The myth of Yoda’s No try only do vs the Power of YET!

Yoda and the invisible barrier

No try only do myth vs the power of yetStar Wars fan or not, we’ve all seen and heard Yoda’s Quote which often is accompanied by a comment that certain languages don’t even have a word equivalent to “try”.  Like all truth’s it is a truth and certainly has its own veracity.   As always it will be the subjective interpretation wherein lies the potency of the idea.  One could certainly say to their teenager, clean up your room, and after the weekend has come and gone and the room was still a mess you could certainly whip out the quote.  However on the other extreme you wouldn’t pull out that quote if a teenager or anyone else for that matter had a goal of ending poverty,  homelessness or starvation.  At best you could go through a “S.M.A.R.T.” Goal model and get them to define more specifically what they mean.  However the finite do or not do becomes a bit of its own problem when our minds are conditioned that a solutions might not be possible or even that it is simply out of the grasp of the average person.

Do becomes the destination, try becomes the journey.

Edison quote 10,000 ways that won't workSo in a world cultured with winning the trophy, being the best, having the most and in all cases reaching the podium it is all about the destination.  We teach either you win, or you lose.  In 99.9% of all sports events we watch there is only 1 winner, and the other team is the loser. (More & more sports are doing away with a “tie”). Who can be the fastest, win the highest mark, and the “you’re in the club” or “you’re out of the club” is all 100% out come focused and creates a world where the end justifies the means with the emphasis on “being exclusive” vs “inclusive”.  Ah but the other end of the spectrum gives us Lao Tze, and “A Journey of 1000 miles begins with but one step”.  It’s all about the journey.  Surely we should know from previous examples that we must change the paradigm and understand that the continual trying is the journey, and if you don’t succeed you have not failed.  The journey is all about perseverance.  Keep on keeping on.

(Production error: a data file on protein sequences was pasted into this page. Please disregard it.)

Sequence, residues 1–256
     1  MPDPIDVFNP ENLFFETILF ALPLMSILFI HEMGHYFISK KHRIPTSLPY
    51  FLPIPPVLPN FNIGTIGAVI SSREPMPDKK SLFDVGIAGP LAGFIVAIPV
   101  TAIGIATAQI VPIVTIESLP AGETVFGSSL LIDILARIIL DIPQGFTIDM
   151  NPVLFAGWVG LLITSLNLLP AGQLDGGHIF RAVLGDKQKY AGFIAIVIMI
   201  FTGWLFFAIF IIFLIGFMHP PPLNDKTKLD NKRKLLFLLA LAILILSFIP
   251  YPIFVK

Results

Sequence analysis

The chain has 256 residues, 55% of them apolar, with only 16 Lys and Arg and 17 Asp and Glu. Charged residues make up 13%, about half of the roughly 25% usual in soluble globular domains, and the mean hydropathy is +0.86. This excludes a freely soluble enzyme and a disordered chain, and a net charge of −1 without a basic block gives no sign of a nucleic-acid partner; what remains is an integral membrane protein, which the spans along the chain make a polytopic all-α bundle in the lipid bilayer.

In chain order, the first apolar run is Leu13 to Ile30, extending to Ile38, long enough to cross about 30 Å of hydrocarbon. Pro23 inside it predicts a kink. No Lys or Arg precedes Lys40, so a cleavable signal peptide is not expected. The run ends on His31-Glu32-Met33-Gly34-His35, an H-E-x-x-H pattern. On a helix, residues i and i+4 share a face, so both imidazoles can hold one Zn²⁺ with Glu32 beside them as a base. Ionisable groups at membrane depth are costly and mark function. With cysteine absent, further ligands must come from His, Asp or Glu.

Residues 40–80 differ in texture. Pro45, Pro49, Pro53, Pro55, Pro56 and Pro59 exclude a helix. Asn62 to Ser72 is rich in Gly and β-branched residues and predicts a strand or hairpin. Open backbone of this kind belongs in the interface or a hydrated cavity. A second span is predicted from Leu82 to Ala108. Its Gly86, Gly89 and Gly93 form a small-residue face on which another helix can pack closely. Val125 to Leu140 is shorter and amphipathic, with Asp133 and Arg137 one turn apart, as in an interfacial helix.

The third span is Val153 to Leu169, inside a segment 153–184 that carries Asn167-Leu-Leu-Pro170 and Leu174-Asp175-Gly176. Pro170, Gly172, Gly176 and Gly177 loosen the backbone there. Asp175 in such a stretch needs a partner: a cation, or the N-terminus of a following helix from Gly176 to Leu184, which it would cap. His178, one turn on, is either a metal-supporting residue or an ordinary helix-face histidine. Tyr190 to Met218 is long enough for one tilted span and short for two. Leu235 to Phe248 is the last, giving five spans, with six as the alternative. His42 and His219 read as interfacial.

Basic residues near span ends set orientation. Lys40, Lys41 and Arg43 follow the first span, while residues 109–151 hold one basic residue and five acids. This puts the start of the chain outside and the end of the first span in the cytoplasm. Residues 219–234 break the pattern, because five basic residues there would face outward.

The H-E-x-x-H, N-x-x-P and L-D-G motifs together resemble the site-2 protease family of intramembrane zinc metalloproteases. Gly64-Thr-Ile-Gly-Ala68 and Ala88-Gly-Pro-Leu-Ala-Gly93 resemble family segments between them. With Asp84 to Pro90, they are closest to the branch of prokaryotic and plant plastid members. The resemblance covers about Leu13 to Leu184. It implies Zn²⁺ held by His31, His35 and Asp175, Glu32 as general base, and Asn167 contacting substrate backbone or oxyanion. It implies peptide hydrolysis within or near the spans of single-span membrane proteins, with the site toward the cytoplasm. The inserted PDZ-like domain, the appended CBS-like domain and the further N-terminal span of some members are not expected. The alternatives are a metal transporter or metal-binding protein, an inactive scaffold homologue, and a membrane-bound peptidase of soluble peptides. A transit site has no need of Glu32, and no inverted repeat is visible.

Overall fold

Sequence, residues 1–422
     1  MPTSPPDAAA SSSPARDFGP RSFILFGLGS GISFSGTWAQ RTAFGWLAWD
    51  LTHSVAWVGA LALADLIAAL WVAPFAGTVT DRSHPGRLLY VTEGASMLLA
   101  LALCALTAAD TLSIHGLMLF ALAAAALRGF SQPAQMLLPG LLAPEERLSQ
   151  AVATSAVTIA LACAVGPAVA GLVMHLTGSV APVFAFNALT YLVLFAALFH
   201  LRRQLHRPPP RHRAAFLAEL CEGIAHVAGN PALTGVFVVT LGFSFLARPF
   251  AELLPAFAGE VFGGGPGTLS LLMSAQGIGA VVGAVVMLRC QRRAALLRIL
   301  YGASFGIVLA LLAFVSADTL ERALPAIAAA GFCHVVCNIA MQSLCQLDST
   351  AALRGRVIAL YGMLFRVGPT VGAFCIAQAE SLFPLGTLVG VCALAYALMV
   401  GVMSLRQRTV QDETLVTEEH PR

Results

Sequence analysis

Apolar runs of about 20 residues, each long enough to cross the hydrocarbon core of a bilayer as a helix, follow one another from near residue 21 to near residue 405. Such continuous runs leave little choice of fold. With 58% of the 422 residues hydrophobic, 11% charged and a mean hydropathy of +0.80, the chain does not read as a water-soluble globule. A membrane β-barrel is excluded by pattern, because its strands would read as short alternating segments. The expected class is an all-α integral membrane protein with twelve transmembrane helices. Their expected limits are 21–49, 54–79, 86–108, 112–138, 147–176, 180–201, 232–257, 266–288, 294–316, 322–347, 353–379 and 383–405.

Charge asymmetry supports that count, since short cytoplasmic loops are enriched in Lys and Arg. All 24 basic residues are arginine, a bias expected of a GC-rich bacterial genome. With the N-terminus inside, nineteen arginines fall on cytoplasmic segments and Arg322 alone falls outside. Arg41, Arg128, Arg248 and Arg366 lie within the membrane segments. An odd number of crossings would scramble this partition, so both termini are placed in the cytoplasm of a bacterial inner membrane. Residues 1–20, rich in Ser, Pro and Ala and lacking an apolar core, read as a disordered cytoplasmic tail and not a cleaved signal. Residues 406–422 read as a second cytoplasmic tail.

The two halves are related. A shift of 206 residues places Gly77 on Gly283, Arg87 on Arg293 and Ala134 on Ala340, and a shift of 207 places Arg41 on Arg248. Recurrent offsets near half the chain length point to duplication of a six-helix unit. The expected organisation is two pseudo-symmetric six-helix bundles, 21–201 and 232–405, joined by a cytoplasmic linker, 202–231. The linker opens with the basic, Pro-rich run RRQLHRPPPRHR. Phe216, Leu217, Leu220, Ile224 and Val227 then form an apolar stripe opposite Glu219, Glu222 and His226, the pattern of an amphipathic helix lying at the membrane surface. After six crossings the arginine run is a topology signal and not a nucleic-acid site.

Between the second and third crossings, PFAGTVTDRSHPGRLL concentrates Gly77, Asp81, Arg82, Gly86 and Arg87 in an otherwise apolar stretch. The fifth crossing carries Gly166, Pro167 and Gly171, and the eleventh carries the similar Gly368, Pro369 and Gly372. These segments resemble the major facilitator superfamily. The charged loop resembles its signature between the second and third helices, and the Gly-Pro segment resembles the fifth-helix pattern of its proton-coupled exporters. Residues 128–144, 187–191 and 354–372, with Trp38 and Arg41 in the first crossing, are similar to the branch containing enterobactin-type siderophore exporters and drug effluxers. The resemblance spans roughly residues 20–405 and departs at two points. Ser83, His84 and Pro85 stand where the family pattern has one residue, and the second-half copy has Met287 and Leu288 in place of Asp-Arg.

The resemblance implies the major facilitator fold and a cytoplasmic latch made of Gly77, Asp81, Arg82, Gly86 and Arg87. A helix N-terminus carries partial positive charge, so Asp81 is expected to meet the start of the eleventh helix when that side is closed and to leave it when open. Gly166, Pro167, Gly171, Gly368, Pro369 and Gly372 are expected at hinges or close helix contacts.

So what’s the solution?

the power of yetIn order to change from a finite paradigm ,we need to create a culture of infinite possibilities.  Our education system is built on the yes or no formula we need to build a yes or yes scenario.  What we have now is the “you passed, you failed”, and while there is a blatantly obvious truth to that, for a few people that scenario inspires them to work harder and over come the obstacles, but for many it affirms a weak self image and creates a self imposed limitation.  We know from decades of performance based research that a self imposed limitation can be deadly, yet we don’t correlate that idea with our evaluation system.   As we learn about the brain and how it works, research is providing us with insights as to how to keep the “possibilities neuron circuits firing”, simply by using the power of the word “YET”!  So take about ten minutes and listen to Sanford Professor and Psychologist Carol Dweck and her research on what she calls the “growth mindset”.  It’s a simple yet profound idea that we can in fact “grow” our brain’s capacity to learn and to solve problems.   After all, the very notion that years ago had educator’s and scientists believing we had a fixed IQ takes us from the finite to the infinite. 

Carol Dweck is also the author of the book; “Mindset” the new psychology of success. 

So remember on this issue, like many issues there is no one truth, and some truth has many perspectives.  Don’t throw the baby out with the bath water and think it has to be all one way or the other…. that of course would be “finite thinking”, but rather be open to the possibilities that as we learn more and more on how the mind and brain works we can employ a multitude of approaches to help us evolve!  That’s the Positive Living Imperative!

Have a positive & happy week!


Victor Sinclair founder of Positive ImperativeVictor Sinclair


Positive Imperative/Positive Music Imperative

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